THE ALCOHOLIC FOUNDATION
IN OUR text we have shown the
alcoholic how he may recover but we realize that many
will want to write us.
To receive these inquiries, to
administer royalties from this book and such other funds
as may come to hand, a Trust has been created known as
The Alcoholic Foundation. Seven Trustees are members of
Alcoholics Anonymous, the other eight are well-known
business and professional men who have volunteered their
services. The Trust states these eight (who are not of
Alcoholics Anonymous) or their successors, shall always
constitute a majority of the Board of Trustees. The
Alcoholic Foundation maintains an office in New York
City as national headquarters of Alcoholics Anonymous.
We must frankly state however, that
due to our rapid growth we may be unable to reply to all
inquiries promptly. Nevertheless we shall strenuously
attempt to communicate with those men and women who are
able to report that they are staying sober and working
with other alcoholics. It is our practice once we have
such an active nucleus, to refer to its members those
inquiries originating near them. Starting with small but
active centers created in this fashion, hundreds of
successful fellowships have already sprung up.
The Alcoholic Foundation is our sole
agency of its kind. We have agreed that all business
engagements touching nationally upon our alcoholic work
shall have the approval of its trustees. People who
state they represent The Alcoholic Foundation should be
asked for credentials and if unsatisfactory, these ought
to be checked with the Foundation at once. We welcome
inquiry by scientific, medical and religious societies.
This volume is published by Works
Publishing Inc., originally organized and financed by
small subscriptions from our older members. These
subscribers, forty-nine in all, have since donated their
entire interest in Works Publishing Inc. to The
Alcoholic Foundation, thereby giving the Foundation
complete ownership and control of this book.
To order this book please send your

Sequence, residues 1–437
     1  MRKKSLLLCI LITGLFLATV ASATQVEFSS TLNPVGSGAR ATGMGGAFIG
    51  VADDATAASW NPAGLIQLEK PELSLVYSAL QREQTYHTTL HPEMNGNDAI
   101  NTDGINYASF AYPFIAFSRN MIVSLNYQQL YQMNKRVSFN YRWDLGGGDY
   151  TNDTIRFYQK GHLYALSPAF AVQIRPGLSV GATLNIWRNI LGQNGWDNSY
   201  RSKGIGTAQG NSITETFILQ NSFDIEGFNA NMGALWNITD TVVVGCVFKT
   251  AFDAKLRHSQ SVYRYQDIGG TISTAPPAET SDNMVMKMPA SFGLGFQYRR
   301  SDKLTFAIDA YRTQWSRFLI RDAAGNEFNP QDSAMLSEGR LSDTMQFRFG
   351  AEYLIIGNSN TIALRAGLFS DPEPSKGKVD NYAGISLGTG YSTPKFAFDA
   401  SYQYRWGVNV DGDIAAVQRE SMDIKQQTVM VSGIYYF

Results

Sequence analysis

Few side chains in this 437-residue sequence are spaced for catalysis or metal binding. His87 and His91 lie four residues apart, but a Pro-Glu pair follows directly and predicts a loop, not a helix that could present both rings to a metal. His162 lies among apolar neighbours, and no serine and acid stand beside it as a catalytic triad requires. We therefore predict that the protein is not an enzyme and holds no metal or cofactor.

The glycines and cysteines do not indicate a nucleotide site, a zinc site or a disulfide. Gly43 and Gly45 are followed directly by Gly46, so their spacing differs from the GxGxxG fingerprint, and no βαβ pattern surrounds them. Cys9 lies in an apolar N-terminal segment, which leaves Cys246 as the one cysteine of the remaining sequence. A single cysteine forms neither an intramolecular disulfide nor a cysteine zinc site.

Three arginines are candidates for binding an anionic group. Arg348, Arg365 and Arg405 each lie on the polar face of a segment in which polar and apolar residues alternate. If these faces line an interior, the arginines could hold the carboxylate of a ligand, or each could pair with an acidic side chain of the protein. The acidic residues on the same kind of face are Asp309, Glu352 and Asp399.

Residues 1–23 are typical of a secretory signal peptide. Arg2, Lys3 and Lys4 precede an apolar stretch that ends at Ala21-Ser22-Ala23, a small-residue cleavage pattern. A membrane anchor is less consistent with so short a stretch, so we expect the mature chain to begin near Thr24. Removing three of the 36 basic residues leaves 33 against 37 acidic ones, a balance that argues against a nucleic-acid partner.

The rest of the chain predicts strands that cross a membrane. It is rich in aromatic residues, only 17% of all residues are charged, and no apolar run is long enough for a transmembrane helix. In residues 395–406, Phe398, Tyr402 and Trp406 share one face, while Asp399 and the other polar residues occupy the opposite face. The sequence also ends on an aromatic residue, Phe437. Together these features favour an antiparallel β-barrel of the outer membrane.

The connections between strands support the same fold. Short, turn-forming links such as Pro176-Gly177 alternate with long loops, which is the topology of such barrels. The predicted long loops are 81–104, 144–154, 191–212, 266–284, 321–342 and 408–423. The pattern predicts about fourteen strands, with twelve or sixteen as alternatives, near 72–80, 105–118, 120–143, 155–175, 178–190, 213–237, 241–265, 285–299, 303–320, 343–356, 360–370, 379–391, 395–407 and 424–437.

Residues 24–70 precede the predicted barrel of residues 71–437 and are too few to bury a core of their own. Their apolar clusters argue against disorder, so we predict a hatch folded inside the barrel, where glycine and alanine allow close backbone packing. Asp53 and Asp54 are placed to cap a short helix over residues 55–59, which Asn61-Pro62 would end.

check or money order to
WORKS PUBLISHING INC.
Grand Central Annex
New York City (17)
General Correspondence to
The Alcoholic Foundation
Grand Central Annex
New York City (17)
THE terms "spiritual experience" and
"spiritual awakening" are used many times in this book
which, upon careful reading, shows that the personality
change sufficient to bring about recovery from
alcoholism has manifested itself among us in many
Yet it is true that our first
printing gave many readers the impression that these
personality changes, or religious experiences, must be
in the nature of sudden and spectacular upheavals.
Happily for everyone, this conclusion is erroneous.
In the first few chapters a number of
sudden revolutionary changes are described. Though it
was not our intention to create such an impression, many
alcoholics have nevertheless concluded that in order to
recover they must acquire an immediate and overwhelming
"God-consciousness" followed at once by a vast change in
feeling and outlook.
Among our rapidly growing membership
of thousands of alcoholics such transformations, though
frequent, are by no means the rule. Most of our
experiences are what the psychologist William James
calls the "educational variety" because they develop
slowly over a period of time. Quite often friends of the
newcomer are aware of the difference long before he is
himself. He finally realizes that he has undergone a
profound alteration in his reaction to life; that such a
change could hardly have been brought about by himself
alone. What often takes place in a few months could
seldom have been accomplished by years of self
discipline. With few exceptions our members find that
they have tapped an unsuspected inner resource which
they presently identify with their own conception of a
Power greater than themselves.
Most of us think this awareness of a
Power greater than ourselves the essence of spiritual
experience. Our more religious members call it
Most emphatically we wish to say that
any alcoholic capable of honestly facing his problems in
the light of our experience can recover provided he does
not close his mind to all spiritual concepts. He can
only be defeated by an attitude of intolerance or
We find that no one need have
difficulty with the spiritual side of the program.
Willingness, honesty and open mindedness are the
essentials of recovery. But these are indispensable.